February 12th, 2013 by
I’m having a hard time dialing in the suspension on my Polaris Outlaw MXR and wonder if you could help. You guys have said that harsh feeling suspension can mean I’m running my settings too soft. I can’t really wrap my head around this concept. Please explain.
Sure- the reason for this seemingly opposite effect of what logic suggests is actually quite simple: modern suspension is progressive by nature meaning the further you travel down the stroke, the stiffer it gets. Why does it do this? Because from an engineering perspective, by the time you’re down to that final inch or two, odds are pretty good you don’t want to continue blowing through your travel until bottoming out the shock.
What actually happens is that suspension is designed to “ramp up” as it compresses- It starts off soft initially to absorb small trail clatter and terrain imperfections but becomes increasingly resistant as you move through the stroke to avoid metal on metal contact of a full bottom-out from a big hit (think landing from a jump) or a high-speed impact.
When your suspension is set up too soft for your body weight & riding style, you are literally bypassing that initial plushness and operating directly in the range where it ramps up; explaining why going soft can feel too stiff.
Correct these issues by properly setting up your sag (preload) and then fine-tune your feel using the shocks’ compression clickers.
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April 23rd, 2012 by
My quad’s rear shock feels really springy- it still seems to be working but the rear of the machine bounces more than I remember over rough terrain. My friend says it means the shock is blown and needs to be rebuilt. I thought a blown shock wouldn’t work at all. Please help.
Sadly we’re inclined to agree with your friend on this one. To understand why a blown shock turns even softer and bouncier than a properly functioning one, let’s take a moment to examine what’s going on inside your ATV’s shocks.
Shocks absorb impact by using the flow of fluid (oil) through stacks of washers that act as valves. When a shock is new (or freshly rebuilt), the system works smoothly. However, like all oils, shock fluid begins breaking down over time. As shock fluid degenerates, it becomes thinner and hence passes through the valving with less resistance than it should.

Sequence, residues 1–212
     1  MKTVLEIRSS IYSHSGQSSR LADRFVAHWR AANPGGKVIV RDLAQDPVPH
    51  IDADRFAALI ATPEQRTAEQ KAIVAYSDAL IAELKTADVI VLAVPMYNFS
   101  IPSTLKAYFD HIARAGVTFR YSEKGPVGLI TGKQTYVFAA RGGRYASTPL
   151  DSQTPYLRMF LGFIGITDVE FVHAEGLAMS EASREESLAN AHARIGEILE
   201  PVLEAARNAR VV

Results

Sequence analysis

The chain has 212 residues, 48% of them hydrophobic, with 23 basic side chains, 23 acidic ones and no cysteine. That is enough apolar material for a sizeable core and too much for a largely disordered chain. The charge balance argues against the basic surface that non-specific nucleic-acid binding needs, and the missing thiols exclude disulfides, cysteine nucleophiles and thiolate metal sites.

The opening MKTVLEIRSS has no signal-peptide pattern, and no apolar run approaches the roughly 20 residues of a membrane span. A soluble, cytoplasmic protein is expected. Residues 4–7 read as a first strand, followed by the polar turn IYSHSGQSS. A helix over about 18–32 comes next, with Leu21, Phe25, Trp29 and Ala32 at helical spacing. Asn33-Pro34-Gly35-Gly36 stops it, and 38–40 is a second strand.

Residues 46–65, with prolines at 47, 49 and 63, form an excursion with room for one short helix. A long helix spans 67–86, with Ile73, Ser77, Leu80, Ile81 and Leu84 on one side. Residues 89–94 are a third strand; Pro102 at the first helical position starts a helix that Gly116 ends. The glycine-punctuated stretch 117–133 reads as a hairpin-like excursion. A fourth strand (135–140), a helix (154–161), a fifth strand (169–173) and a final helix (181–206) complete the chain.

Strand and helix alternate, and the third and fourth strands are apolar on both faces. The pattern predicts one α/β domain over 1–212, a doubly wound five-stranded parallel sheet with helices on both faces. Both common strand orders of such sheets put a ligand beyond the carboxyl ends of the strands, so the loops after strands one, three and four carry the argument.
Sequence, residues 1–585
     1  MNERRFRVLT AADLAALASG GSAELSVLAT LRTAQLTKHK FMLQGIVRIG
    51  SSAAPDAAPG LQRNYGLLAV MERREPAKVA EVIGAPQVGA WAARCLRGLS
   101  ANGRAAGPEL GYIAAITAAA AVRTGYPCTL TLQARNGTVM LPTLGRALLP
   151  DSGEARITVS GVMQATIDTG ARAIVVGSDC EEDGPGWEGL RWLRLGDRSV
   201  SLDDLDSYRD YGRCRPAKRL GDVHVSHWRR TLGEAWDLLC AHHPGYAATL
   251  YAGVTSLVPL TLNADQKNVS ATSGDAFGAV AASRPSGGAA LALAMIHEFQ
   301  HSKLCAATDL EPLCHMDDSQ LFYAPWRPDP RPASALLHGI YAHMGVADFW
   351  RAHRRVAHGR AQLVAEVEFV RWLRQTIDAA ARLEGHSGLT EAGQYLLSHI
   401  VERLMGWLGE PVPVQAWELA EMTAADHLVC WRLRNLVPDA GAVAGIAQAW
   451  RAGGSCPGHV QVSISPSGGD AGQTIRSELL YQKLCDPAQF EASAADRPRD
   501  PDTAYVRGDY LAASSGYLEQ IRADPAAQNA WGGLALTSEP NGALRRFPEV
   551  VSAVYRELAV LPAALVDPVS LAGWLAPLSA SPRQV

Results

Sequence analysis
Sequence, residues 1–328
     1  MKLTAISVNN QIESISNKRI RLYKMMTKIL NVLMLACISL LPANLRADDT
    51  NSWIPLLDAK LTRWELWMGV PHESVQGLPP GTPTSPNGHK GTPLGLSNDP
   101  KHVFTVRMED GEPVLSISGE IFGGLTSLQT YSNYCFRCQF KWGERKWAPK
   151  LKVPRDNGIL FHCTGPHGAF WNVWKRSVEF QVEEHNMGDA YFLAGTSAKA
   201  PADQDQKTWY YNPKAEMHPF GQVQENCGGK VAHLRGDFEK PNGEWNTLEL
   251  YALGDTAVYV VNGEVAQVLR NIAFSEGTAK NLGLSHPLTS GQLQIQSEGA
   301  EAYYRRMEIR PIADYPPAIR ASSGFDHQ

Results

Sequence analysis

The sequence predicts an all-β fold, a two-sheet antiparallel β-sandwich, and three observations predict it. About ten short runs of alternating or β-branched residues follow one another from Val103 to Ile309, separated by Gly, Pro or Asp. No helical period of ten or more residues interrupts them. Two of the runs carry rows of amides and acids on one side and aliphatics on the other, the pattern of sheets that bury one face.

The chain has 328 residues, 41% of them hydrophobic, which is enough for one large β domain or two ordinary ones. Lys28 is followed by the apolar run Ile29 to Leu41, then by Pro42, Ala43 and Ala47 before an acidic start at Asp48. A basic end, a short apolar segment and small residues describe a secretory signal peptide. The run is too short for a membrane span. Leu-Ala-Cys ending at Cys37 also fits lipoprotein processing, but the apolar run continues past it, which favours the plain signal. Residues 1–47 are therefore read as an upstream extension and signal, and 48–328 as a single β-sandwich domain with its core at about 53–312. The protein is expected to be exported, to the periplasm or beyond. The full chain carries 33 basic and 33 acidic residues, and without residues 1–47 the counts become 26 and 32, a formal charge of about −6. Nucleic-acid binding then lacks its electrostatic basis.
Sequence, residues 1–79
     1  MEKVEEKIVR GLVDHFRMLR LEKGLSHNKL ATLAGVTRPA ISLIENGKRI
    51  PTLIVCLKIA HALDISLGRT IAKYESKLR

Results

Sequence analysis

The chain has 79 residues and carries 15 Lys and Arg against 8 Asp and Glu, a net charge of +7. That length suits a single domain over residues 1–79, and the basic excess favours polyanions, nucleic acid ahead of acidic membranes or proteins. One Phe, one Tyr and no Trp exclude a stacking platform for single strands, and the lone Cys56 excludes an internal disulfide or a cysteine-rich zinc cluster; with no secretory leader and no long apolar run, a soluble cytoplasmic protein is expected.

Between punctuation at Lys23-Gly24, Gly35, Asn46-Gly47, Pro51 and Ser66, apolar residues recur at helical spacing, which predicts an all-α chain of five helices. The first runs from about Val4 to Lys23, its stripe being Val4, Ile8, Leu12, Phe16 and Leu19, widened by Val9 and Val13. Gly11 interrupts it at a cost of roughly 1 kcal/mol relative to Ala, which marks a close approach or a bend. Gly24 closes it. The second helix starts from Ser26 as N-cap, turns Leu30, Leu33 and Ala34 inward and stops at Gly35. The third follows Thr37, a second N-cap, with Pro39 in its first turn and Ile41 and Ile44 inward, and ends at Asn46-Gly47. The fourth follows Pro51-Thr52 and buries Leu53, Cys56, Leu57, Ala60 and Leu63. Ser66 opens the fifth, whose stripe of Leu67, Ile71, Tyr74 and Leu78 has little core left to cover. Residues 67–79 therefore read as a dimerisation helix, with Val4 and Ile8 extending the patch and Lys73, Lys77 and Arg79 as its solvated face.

This is critical because the damping circuits (valves) inside your shock are what provide the resistance not only to impacts causing the shock to move in the first place but also to keep the shock’s spring from compressing and expanding wildly. So why have a spring at all if it’s oil doing the absorbing? The answer is rebound; or the force that allows the shock to extend after it has been compressed. Without a spring, your shock would only work the first time it was compressed.
In addition to the shock’s fluid breaking down inside, the outside of your ATV’s suspension is dealing with all sorts of nasty conditions each and every time you ride. Dust, grime small rocks and sand gather up on the shock bodies then get pushed into your shock’s rubber seals. Acting as gritty sandpaper, these unwanted materials breakdown seals and wipers over time as well, often resulting in the shock’s internal fluid leaking out.
The reason a blown shock feels suddenly softer is that the fluid-driven damping circuit is being bypassed entirely due to one (or both) of the situations described above. In other words, your machine is in fact riding on the spring and the spring alone. No oil damping absorbing the terrain (compression) and likewise no oil damping to slow down the spring’s return expansion (rebound).
Higher end shocks can be rebuilt (oil change, fresh seals etc.) but many budget-friendly ATVs (including minis) offer non-rebuildable units as a cost shavings measure. If that’s the case with your particular quad, replacement is the only option.
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